The Wall Street Journal has a thorough piece on the challenges of advertising on Podcasts. Namely, there’s no real way to track whether an ad has been heard, or even if a downloaded podcast has been listened to. And podcast advertising budgets are relatively small fries, compared to the big potatoes that are traditional media:
Advertisers are expected to spend about $35.1 million on podcasts this year, up about 2% from last year…Meanwhile, marketers are still investing some $18 billion a year in radio and $67 billion in TV.
In order to track ad performance on podcasts, the usual advertising suspects – MailChimp, Squarespace, and other compound-named internet companies – are promoting the use of promo codes, that allow brands to measure where they’re traffic is coming from. But it’s quite a bit harder for Toyota to offer 10% off the purchase of your next Camry with the offer code “MARCH.” As I’ve written before:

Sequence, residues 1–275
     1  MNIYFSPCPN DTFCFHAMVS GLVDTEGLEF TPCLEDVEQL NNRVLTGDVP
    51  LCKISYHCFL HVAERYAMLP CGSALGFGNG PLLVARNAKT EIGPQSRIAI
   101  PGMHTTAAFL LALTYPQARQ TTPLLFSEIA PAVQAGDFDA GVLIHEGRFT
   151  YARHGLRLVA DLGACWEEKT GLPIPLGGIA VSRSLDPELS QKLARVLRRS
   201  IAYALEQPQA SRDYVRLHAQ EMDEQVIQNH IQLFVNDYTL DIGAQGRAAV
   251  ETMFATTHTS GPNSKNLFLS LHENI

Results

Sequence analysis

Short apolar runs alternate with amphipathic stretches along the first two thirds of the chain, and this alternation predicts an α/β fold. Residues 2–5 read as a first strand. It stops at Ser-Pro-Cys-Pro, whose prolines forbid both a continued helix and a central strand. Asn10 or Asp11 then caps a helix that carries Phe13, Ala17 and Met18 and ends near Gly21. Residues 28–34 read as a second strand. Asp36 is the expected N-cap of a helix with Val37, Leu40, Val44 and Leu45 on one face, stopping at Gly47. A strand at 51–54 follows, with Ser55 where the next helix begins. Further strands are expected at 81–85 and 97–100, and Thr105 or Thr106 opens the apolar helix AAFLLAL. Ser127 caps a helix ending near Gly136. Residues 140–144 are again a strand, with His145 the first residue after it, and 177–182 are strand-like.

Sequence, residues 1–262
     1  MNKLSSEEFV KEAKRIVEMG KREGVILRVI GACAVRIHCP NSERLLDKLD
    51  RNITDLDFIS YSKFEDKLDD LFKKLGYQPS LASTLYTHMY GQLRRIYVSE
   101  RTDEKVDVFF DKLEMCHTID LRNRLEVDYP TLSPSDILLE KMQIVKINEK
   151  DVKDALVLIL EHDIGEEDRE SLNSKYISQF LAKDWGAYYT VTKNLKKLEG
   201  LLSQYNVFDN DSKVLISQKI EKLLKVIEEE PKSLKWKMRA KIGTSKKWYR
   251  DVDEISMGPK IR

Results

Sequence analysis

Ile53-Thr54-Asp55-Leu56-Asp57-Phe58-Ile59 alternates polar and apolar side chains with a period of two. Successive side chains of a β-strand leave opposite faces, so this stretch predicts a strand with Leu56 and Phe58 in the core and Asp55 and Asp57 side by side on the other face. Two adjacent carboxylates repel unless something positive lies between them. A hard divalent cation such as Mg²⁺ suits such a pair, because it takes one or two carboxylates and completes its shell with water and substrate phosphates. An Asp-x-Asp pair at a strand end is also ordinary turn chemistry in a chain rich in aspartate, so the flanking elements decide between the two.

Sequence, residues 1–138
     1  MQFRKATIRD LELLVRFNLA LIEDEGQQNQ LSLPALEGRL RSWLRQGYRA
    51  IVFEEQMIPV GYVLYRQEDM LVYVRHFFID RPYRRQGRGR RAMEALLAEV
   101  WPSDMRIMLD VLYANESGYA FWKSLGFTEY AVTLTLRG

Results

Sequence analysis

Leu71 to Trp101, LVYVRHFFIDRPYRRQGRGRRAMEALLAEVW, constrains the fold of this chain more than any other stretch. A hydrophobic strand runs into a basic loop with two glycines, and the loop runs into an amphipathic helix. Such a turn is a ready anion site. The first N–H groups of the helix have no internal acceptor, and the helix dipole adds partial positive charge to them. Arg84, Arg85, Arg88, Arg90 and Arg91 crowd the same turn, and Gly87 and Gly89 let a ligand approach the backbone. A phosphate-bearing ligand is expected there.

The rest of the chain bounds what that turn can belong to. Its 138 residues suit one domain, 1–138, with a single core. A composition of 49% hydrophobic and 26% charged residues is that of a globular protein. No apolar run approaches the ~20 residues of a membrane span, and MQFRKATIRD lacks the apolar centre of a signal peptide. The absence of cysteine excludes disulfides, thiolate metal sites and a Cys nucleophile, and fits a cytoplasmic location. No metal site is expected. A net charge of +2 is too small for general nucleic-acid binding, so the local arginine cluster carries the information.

What makes it such a curious format is that, unlike online video – where Netflix can see where exactly a viewer stopped or started watching – or online reading – where content publishers live and die by pageview and click metrics – podcasts have no intrinsic way to track audience engagement. Podcast apps are glorified mp3 downloaders-and-players, whose ability to track user metrics isn’t substantially better than the ways that TV and radio survey companies compile their user-reported data. It’s odd that a format whose rise has been dependent on the internet doesn’t have access to the same sort of data-mining that the rest of the internet publishers utilize…The paucity of data – for the time being – may lead podcast producers to make their own apps (NPR put a lot of effort into NPR One), or to develop creative solutions for the podcasting world more broadly.
The WSJ goes on to quote Steve Mulder, an NPR executive, who refers to the podcast advertising space as “the Wild West.” There is undoubtedly a need for ad-tracking standardization – if quality broadcasting is to continue – or else audiences will be asked to fund programming. Which, for the quality content that exists now, just might be worth it.